No Solace

 

Schocking.
Michael Gillette's brilliant covers for Penguin's new release of the Bond stories. Click on the pic for more...

Christmas party season is upon us, and mine was last Thursday. Not doing Friday, thanks, the potential for alcoholic disaster is waaay too high. The company I work for has been heavily involved in the Bond film this year, so of course the party was Bond themed. Kudos to the girl who dressed up as Blofeld’s cat. She must have been roasting in all that white fur.

 
There was a casino, a singer doing her best Shirley Bassey (very good, incidentally) and a fine time was had by all. Vodka martinis were conspicuous by their absence, but then things can get messy enough with the crowd I work with if you just feed them beer and wine, so probably best avoided.
This, with a clunk and a screech of thematic gears, leads me onto the real point of the post – the most recent Bond film. I’ve been a fan of Bond for as long as I can remember. I still remember going as a family to see The Spy Who Loved Me, and feeling strangely squirmy at the sight of Barbara Bach (I was 10) and every Bond since has been a big deal for me.
So to see all the invention and daring of Casino Royale wiped away in favour of a lumpen, dour Bourne rip off sticks in the craw for me. The direction was confused at best, being frenetically paced and yet painfully slow. The editing was done by a ten year old after four bags of Haribo Starmix. I didn’t have a problem with the characters. I always thought Daniel Craig was a brave and clever choice as Bond, my feelings for Judi Dench approach those I have for Helen Mirren, and I’ve been a fan of Matthieu Almaric for ages.

However, the two most interesting characters were badly wasted. Felix Leiter, caught in the jaws of his governments corrupt foreign policy, should have been the moral heart of the film. Jeffrey Wright could have nailed that. Instead, he was barely a B-plot.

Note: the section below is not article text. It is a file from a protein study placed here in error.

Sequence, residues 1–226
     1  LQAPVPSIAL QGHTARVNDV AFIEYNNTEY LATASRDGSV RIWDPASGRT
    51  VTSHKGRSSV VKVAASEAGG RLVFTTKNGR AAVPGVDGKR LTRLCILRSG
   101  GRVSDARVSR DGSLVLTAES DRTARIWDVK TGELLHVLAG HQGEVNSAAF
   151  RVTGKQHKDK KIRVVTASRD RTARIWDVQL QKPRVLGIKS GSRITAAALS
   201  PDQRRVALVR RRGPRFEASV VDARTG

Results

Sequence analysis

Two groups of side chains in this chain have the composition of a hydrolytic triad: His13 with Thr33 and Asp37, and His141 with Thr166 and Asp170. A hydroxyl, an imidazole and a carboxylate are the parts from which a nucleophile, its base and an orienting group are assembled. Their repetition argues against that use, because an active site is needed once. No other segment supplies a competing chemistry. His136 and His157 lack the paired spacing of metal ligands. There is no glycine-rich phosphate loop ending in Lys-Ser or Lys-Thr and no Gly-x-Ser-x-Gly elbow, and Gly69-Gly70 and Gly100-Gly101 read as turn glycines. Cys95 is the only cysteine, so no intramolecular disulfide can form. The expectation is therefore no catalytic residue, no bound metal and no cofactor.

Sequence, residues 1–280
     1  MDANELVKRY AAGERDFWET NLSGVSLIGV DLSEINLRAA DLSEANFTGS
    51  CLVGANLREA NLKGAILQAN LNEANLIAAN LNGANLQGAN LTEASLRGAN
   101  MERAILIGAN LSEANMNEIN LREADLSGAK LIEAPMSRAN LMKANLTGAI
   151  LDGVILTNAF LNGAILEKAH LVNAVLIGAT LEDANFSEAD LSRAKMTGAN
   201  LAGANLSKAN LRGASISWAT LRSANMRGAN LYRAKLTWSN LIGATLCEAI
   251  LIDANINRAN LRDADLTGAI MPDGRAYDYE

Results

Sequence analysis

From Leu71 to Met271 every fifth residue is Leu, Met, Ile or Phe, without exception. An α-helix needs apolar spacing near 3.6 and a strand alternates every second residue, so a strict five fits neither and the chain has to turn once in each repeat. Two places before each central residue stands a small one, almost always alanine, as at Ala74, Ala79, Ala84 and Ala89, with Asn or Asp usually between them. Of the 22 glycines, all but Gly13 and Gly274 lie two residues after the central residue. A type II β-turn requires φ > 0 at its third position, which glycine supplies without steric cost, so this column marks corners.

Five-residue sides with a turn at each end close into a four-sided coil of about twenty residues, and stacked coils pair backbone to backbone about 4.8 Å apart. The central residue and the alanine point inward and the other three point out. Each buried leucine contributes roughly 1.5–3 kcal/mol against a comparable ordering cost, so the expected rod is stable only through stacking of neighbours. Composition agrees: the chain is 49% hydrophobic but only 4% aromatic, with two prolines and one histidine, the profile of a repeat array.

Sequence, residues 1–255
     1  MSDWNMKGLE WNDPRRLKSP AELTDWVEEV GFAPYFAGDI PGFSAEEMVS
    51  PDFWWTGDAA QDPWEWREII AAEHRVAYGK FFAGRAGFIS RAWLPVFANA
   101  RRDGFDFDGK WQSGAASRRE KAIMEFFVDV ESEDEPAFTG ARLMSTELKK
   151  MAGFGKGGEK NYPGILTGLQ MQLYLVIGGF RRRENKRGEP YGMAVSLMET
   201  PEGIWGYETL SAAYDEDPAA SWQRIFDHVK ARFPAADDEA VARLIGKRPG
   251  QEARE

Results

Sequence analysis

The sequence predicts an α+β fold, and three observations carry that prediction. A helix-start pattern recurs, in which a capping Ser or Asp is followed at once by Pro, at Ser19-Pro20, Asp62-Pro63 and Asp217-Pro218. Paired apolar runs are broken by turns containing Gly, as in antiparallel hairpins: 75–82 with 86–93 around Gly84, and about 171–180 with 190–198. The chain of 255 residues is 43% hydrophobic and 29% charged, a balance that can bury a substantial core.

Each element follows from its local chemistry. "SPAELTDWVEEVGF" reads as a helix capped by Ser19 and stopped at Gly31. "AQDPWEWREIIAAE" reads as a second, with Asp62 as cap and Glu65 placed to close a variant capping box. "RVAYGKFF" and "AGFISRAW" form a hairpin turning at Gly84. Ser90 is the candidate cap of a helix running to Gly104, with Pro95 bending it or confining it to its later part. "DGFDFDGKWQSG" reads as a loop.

The biggest crime was that committed on Gemma Artertons character, Agent Fields. Her Schoolmarm Gone Wild demeanour woke the film up and gave it a shake and a snog just when it was needed the most.
***SPOILER ALERT***

To see her killed off in the most cynical nod to Bond history I’ve ever seen, offscreen and utterly pointlessly,  left a very nasty taste. Even the mystery of her first name was only resolved in the credits. I can only assume that her role was cut down to trim the already short duration of the movie. It’s a real shame. She, and the audience, deserved better.
I felt a bit cheated, frankly. I’m certainly no stick-in-the-mud about what should and should not be part of the story (really, don’t get me started on the whole idea of canon) but at what point was it decided that Bond films couldn’t be fun any more?

I felt utterly deflated as I left the cinema, in the same way as I felt after walking out of the third Bourne movie. That was a good idea run into the ground. This was a pointless sweeping up and recycling of the remains. Bond films should be better than that, carving their own path, fantasies in their way, cruel but always with an ending that made you felt that the villain had been defeated, and there was one last rotten pun to come before the credits rolled.
I’ll be watching Goldfinger this Christmas Day. Now there’s a Bond movie.

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Rob

Writer. Film-maker. Cartoonist. Cook. Lover.

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